When will Williams have a spare chassis? Timeline update after Logan Sargeant Japanese GP crash

Oliver Harden
Logan Sargeant steps out of his Williams after his FP1 crash at Suzuka

Logan Sargeant steps out of his Williams after his FP1 crash at Suzuka

James Vowles has confirmed Williams will not have a spare chassis in the F1 paddock until the Miami Grand Prix weekend in early May after Logan Sargeant’s huge crash in FP1 in Japan.

Williams’ constraints at the beginning of the F1 2024 season were brought into sharp focus at last month’s Australian GP, where Alex Albon crashed heavily in the opening practice session.

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With the team lacking a spare chassis, that led to the unprecedented decision by Vowles, who withdrew Sargeant from the rest of the weekend to give his car to Albon, claiming the Thai driver stood a better chance of scoring points at Albert Park.

Albon went on to just miss out on the points in Melbourne, coming home in 11th place.

Sargeant was back on track at Suzuka on Friday, but his return to action was short-lived as he crashed at Dunlop Curve in FP1, with the damage ruling him out of the FP2 session in Japan.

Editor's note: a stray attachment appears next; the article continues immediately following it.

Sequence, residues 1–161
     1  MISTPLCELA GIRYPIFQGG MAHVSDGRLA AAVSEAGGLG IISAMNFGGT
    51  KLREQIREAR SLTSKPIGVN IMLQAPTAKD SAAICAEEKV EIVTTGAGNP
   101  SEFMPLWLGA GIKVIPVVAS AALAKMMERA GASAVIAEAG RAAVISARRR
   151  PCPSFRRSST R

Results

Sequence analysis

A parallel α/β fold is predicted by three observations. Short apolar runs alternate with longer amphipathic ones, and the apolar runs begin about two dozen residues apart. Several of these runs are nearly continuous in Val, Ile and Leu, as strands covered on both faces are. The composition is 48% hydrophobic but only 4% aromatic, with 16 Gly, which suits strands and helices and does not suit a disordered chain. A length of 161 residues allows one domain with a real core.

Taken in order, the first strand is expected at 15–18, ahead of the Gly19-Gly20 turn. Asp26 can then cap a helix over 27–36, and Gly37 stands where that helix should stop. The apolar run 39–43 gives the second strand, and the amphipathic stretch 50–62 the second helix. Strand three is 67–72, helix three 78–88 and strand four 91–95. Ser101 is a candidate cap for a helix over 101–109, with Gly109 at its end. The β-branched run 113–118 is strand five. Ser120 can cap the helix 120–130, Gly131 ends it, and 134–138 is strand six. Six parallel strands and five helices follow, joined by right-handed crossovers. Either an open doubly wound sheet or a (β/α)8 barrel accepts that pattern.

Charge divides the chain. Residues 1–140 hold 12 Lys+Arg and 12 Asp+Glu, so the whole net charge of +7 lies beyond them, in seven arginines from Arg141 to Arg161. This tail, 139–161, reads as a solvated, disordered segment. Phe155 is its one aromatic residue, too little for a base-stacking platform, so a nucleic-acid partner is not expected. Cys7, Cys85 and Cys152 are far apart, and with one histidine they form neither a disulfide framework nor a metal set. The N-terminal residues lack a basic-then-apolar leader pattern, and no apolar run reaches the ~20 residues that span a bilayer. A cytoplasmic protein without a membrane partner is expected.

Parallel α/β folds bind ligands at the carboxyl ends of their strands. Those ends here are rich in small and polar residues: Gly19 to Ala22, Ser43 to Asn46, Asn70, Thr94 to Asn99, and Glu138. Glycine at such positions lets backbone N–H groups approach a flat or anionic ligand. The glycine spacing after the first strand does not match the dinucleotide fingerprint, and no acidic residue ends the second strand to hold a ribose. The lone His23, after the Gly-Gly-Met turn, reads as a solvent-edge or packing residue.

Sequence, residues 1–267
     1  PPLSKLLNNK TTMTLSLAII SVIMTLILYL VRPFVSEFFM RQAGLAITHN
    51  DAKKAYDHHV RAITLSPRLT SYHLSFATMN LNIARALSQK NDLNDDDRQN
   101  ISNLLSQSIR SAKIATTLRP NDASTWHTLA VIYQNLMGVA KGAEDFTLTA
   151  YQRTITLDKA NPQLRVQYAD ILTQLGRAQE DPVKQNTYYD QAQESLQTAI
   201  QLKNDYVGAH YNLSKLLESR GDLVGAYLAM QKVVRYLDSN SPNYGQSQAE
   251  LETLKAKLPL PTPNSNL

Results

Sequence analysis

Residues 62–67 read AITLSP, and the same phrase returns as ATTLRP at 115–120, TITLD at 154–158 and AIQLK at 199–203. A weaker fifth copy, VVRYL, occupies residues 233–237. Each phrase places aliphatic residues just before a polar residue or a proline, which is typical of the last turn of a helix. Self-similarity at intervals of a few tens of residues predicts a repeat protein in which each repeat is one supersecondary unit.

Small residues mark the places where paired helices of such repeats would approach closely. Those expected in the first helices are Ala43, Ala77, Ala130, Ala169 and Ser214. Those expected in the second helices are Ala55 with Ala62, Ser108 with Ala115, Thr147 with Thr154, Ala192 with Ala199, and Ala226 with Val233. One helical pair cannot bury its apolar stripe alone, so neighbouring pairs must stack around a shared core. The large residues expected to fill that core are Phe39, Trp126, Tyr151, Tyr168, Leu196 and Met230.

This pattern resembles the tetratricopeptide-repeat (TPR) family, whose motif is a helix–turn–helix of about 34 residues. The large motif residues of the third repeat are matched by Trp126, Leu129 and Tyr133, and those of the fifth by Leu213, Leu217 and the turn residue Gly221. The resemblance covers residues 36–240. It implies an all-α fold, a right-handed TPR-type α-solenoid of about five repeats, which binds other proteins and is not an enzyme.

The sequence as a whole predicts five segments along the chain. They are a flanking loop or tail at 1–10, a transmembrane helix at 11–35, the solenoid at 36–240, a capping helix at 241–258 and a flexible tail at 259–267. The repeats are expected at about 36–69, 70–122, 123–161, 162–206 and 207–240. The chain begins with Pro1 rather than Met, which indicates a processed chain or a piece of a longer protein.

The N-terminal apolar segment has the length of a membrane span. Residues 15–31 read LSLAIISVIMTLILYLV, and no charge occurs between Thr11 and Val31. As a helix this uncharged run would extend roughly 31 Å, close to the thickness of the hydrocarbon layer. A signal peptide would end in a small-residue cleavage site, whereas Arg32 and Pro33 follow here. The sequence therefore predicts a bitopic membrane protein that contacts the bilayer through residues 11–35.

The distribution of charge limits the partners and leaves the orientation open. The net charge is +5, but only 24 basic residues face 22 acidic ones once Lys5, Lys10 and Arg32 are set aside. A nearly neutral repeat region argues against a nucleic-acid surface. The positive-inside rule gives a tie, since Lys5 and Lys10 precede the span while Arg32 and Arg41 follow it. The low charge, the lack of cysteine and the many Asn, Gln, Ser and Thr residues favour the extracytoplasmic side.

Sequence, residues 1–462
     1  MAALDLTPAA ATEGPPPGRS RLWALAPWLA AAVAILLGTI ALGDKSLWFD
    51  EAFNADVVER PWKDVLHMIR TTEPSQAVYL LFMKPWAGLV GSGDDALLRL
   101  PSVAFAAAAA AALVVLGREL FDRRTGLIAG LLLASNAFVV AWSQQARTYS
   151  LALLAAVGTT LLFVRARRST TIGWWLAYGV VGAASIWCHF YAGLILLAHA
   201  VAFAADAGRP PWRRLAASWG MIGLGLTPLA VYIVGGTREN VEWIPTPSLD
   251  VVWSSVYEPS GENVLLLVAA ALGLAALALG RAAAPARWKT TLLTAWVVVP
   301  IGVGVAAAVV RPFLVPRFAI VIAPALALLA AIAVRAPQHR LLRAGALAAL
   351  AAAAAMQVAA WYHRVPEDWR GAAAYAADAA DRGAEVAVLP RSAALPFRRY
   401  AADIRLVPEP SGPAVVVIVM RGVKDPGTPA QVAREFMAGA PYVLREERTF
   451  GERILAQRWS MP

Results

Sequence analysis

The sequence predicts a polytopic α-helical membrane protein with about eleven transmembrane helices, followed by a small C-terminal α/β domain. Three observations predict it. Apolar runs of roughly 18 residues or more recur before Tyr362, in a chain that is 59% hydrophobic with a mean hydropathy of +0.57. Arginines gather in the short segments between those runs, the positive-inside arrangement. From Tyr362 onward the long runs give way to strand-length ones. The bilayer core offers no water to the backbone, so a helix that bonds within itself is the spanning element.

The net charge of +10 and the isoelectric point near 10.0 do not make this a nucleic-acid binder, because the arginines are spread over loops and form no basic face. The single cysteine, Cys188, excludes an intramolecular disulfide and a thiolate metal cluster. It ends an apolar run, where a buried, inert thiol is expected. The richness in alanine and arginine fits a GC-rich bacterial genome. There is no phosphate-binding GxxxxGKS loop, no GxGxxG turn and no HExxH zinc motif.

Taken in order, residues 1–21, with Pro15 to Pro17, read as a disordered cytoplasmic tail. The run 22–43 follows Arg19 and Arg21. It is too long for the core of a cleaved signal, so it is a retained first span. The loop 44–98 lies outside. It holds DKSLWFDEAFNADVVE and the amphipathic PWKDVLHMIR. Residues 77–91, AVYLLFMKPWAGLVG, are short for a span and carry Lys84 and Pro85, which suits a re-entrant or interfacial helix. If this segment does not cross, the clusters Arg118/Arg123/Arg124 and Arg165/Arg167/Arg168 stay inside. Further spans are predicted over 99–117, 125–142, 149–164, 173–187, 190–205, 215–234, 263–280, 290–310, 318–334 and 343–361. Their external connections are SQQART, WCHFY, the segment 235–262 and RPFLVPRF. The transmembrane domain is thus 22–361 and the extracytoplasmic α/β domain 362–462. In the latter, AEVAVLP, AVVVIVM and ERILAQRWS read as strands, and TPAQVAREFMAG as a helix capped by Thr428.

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The American’s car is expected to be repaired to allow him to compete for the remainder of the weekend.

Speaking in the team principals’ press conference at Suzuka, Vowles admitted Williams won’t have a spare chassis on site at the next race in China either, with Miami a more likely target.

He said: “I think the third chassis at the moment won’t be with us until Miami, a long way away.

“In terms of the chassis, if you put all of your resources – everything you possibly had within the organisation on it – you could be eight, 10 weeks that you pretty much get a chassis done, from freezer to something actually built and out there.

“And that’s by the time you get to the third chassis. It takes longer for the first ones as you get used to the process.

“Clearly we don’t have the whole organisation just working on that. We’re working at the same time on spares and updates and trying to get the throughput.

“Everything’s just a huge amount that goes through the organisation at this stage.

“In our particular case, clearly, we don’t and never had the intention of being here without three chassis. The intention was to have three right at the beginning of the year.

“It’s an outcome from just an overload within the system, the complexity of this car and the amount that we were trying to push through. But in terms of the complexity of it, it’s enormous.

“The chassis is thousands and thousands of pieces you’re trying to bring together at the same time.”

Williams are among three teams, along with Alpine and Sauber, yet to score a point in 2024.

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